Stroke in Patients With Peripheral Artery Disease.

Abstract

Background and Purpose- Predictors of stroke and transient ischemic attack (TIA) in patients with peripheral artery disease (PAD) are poorly understood. The primary aims of this analysis were to (1) determine the incidence of ischemic/hemorrhagic stroke and TIA in patients with symptomatic PAD, (2) identify predictors of stroke in patients with PAD, and (3) compare the rate of stroke in ticagrelor- and clopidogrel-treated patients. Methods- EUCLID (Examining Use of Ticagrelor in Peripheral Artery Disease) randomized 13 885 patients with symptomatic PAD to receive monotherapy with ticagrelor or clopidogrel for the prevention of major adverse cardiovascular events (cardiovascular death, myocardial infarction, or ischemic stroke). Ischemic/hemorrhagic stroke and TIA were adjudicated and measured as incidence rates postrandomization and cumulative incidence (per patient-years). Post hoc multivariable competing risk hazards analyses were performed using baseline characteristics to determine factors associated with all-cause stroke in patients with PAD. Results- A total of 458 cerebrovascular events in 424 patients (317 ischemic strokes, 39 hemorrhagic strokes, and 102 TIAs) occurred over a median follow-up of 30 months, for a cumulative incidence of 0.87, 0.11, and 0.27 per 100 patient-years, respectively. Age, prior stroke, prior atrial fibrillation/flutter, diabetes mellitus, geographic region, ankle-brachial index <0.60, prior amputation, and systolic blood pressure were independent baseline factors associated with the occurrence of all-cause stroke. After adjustment for baseline factors, the rates of ischemic stroke and all-cause stroke remained lower in patients treated with ticagrelor as compared with those receiving clopidogrel. There was no significant difference in the incidence of hemorrhagic stroke or TIA between the 2 treatment groups. Conclusions- In patients with symptomatic PAD, ischemic stroke and TIA occur frequently over time. Comorbidities such as age, prior stroke, prior atrial fibrillation/flutter, diabetes mellitus, higher blood pressure, prior amputation, lower ankle-brachial index, and geographic region were each independently associated with the occurrence of all-cause stroke. Use of ticagrelor, as compared with clopidogrel, was associated with a lower adjusted rate of ischemic and all-cause stroke. Further study is needed to optimize medical management and risk reduction of all-cause stroke in patients with PAD. Clinical Trial Registration- URL: https://www.clinicaltrials.gov . Unique identifier: NCT01732822.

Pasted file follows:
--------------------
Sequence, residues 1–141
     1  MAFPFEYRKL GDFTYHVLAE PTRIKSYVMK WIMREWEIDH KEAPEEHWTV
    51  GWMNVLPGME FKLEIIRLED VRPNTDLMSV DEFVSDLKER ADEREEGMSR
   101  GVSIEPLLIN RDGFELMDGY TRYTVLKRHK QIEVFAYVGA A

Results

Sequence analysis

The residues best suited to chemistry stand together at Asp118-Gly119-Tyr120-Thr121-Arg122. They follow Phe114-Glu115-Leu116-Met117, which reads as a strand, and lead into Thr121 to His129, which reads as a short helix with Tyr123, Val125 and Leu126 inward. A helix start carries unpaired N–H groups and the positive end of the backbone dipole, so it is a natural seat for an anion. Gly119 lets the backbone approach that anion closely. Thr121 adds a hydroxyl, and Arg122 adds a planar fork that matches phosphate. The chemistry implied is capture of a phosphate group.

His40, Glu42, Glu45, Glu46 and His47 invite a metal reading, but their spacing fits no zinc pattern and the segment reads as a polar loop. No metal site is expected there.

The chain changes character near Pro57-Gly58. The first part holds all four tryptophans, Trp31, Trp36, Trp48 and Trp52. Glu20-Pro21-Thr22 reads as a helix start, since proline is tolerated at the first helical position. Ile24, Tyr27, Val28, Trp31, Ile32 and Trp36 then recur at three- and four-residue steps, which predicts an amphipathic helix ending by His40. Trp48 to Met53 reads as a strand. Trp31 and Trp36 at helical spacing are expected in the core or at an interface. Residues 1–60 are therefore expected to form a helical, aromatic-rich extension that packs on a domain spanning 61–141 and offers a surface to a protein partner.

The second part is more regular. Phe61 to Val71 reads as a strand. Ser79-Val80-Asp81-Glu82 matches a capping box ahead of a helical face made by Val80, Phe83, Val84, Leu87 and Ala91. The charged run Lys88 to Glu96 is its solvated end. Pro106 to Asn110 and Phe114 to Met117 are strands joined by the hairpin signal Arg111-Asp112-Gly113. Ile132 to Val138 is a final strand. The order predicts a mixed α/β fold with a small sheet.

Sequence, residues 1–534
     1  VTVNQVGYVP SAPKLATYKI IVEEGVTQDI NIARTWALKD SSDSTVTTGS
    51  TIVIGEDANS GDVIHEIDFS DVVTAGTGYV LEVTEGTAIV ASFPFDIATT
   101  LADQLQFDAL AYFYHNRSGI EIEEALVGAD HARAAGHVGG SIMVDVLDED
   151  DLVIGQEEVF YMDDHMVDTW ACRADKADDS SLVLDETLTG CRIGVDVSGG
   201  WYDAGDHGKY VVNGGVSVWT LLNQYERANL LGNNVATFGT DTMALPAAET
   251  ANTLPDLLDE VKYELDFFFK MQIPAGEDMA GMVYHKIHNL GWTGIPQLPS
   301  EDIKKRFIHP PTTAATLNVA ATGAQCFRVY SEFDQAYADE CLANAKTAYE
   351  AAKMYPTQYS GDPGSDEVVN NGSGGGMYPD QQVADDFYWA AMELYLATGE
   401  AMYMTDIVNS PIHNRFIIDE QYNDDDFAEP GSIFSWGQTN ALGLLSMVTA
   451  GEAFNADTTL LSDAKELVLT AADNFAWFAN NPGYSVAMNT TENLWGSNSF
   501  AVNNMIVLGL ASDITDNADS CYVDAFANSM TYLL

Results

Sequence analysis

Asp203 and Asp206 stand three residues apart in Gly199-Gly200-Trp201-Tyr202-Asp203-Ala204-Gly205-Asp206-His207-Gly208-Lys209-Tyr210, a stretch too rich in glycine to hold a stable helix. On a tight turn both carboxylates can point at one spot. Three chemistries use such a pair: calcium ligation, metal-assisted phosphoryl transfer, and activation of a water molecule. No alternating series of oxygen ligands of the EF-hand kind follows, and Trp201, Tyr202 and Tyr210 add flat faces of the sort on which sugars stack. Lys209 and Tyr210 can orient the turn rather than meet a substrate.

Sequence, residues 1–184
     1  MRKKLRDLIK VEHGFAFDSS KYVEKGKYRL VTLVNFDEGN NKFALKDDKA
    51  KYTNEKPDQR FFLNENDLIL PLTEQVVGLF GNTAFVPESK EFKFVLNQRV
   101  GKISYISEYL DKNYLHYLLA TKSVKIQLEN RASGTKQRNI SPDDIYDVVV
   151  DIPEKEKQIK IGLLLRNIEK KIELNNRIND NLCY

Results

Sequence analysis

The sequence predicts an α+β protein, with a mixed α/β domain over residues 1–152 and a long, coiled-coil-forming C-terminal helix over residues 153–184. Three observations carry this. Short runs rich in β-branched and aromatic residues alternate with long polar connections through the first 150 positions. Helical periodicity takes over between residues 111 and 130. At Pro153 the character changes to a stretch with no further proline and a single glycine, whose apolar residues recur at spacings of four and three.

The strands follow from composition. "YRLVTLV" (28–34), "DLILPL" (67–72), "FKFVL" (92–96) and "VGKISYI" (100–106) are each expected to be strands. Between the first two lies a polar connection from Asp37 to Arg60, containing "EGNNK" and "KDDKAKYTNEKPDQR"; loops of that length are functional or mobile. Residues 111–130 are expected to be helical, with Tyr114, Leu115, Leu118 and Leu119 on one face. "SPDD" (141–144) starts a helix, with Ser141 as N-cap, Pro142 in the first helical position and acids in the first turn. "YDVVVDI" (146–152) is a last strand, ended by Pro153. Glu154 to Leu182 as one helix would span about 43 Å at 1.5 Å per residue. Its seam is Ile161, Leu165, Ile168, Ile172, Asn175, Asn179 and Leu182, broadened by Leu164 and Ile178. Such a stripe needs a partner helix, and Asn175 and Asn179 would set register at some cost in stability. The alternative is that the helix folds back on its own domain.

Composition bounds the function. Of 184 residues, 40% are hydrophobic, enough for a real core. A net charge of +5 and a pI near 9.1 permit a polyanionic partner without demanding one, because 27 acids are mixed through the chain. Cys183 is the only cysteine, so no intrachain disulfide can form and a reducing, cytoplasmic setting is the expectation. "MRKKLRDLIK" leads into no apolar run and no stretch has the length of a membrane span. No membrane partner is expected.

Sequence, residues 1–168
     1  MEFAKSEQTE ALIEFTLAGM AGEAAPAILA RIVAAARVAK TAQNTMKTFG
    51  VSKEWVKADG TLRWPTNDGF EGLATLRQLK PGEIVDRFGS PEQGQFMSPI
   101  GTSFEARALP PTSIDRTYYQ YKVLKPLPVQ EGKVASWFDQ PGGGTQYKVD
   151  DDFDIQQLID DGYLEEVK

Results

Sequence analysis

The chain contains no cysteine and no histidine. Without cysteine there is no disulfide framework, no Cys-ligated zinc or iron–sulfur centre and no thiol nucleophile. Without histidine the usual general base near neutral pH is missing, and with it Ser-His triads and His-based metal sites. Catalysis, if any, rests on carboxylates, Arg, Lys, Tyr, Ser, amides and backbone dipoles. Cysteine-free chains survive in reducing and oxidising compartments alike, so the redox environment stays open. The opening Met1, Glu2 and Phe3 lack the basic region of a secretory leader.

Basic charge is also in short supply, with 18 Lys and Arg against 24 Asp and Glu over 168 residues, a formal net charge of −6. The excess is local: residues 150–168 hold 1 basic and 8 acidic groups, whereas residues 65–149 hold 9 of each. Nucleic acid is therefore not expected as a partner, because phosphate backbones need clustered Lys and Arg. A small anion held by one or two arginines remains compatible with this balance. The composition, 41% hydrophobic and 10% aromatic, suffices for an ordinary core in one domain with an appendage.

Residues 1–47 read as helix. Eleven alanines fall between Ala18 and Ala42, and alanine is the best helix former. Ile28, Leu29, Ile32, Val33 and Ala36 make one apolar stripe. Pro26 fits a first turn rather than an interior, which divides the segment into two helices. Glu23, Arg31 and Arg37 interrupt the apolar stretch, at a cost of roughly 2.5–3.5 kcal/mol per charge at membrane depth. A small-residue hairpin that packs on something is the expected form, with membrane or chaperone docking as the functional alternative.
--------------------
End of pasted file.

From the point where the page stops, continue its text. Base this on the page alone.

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Citation

Published Version (Please cite this version)

10.1161/strokeaha.118.023534

Publication Info

Kolls, Brad J, Shelly Sapp, Frank W Rockhold, J Dedrick Jordan, Keith E Dombrowski, F Gerry R Fowkes, Kenneth W Mahaffey, Jeffrey S Berger, et al. (2019). Stroke in Patients With Peripheral Artery Disease. Stroke. p. STROKEAHA118023534. 10.1161/strokeaha.118.023534 Retrieved from https://hdl.handle.net/10161/18590.

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Scholars@Duke

Kolls

Bradley Jason Kolls

Associate Professor of Neurology